Wednesday September 1st, 2010

Like clockwork the last few years, the American League Central has been decided on the season's final day, by a single game, in three of the last four seasons. In 2008 and '09 the division even required an extension to the regular season for a one-game playoff that determined the Central champ.

Again in 2010, the Central -- where the Twins have a four-game lead over the White Sox and 11-game lead over the Tigers -- is the AL's best bet for an intriguing playoff race, even if it is a long shot. It represents the lone race that's in any kind of doubt, though Baseball Prospectus assigns just an 10.4 percent chance of a team other than Minnesota claiming the division crown.

The unknown variable in all of this is, of course, Manny Ramirez, the beleaguered slugger just acquired by the White Sox in a waiver claim. When healthy, Ramirez remains one of the game's best hitters, even if his power has waned since he tested positive for a performance-enhancing drug last season. Since his suspension, he has he has batted .287 with an even .500 slugging percentage in 456 at bats, with one home run every 21.7 at bats. That's certainly an upgrade over Chicago's current stable of designated hitters, who have hit .243, slugged .408 and homered once every 28.8 at bats this season. But it's probably not enough.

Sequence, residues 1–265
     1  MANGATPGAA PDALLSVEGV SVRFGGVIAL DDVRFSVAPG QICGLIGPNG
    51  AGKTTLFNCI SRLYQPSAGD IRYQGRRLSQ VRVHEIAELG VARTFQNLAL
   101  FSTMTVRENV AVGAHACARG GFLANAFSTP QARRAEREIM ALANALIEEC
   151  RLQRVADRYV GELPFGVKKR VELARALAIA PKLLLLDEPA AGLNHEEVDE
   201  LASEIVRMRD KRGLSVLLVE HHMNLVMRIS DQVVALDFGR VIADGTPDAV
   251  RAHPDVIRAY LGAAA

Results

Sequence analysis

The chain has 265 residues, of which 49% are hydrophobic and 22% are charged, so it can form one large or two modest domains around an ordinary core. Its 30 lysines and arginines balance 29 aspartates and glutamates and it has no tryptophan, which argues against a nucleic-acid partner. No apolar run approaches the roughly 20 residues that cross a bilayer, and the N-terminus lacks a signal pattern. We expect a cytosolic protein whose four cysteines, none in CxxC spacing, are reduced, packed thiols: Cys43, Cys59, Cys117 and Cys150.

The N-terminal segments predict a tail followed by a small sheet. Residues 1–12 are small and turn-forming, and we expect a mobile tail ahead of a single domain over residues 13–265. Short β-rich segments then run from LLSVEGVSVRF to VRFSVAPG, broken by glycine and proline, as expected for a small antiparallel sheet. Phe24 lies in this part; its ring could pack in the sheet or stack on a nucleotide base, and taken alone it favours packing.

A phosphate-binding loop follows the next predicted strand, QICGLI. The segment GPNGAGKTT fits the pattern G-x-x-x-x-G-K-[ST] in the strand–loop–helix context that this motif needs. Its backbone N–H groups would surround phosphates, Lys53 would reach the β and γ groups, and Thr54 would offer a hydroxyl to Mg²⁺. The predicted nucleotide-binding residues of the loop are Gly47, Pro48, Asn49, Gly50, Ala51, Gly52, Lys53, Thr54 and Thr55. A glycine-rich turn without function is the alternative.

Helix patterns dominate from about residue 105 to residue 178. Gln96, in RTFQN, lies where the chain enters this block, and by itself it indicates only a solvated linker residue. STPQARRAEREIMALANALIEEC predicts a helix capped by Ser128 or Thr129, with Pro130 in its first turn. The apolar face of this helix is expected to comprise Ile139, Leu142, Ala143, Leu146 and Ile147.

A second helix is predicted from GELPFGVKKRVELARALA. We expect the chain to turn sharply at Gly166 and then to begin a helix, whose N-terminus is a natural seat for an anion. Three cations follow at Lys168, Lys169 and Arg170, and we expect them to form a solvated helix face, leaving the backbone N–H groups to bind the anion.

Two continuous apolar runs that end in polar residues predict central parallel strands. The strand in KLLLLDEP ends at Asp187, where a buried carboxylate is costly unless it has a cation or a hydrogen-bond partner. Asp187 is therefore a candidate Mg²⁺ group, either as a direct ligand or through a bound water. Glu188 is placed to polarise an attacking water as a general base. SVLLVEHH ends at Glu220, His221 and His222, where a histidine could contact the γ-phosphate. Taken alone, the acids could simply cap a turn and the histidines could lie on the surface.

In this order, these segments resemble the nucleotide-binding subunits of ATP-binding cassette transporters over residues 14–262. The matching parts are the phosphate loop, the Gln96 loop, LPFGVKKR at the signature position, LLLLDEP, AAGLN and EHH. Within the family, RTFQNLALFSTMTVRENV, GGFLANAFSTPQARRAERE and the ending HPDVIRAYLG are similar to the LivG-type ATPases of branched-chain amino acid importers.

Elsewhere in the AL, the Rangers have all but won the West, and in the East the Rays and Yankees have effectively claimed the division championship and the wild card with only the order lying in the balance. The Red Sox sit on the periphery of the race, needing a minor miracle to make up their eight-game deficit within the division and the seven games by which they trail in the wild card.

And so the Soxes, both Red and White, are the two only teams with even a faint chance to crash the otherwise predetermined playoff picture. As it happens, they still play each other seven times, including this weekend when Boston hosts Chicago in Ramirez's second return to Fenway Park this season. The Sox swept his Dodgers in three games back in June, but this time the stakes are higher, as both clubs see their playoff chances teetering on the edge.

First place: Yankees Contenders: Rays (1 GB) Red Sox (8 GB)

If the AL East race were a basketball game, at the bottom of the boxscore would be a stat line for "Lead Changes: 9; Days Tied: 23." It's been an up-and-down game with both the Rays and Yankees employing the full-court press.

But at the end of the day Tampa Bay and New York have played like equally sized children on opposite ends of a seesaw, who, try as they might to forcefully push up and dislodge the other one, they keep returning to a level position of equilibrium.

While some could argue that the wild card has robbed baseball fans of a gripping pennant race between the game's two best teams, it could also be said that the wild card simply ensures that neither team is penalized on behalf of its geography. Plus, the smart money is that these two clubs square off in what could be a thrilling American League Championship Series.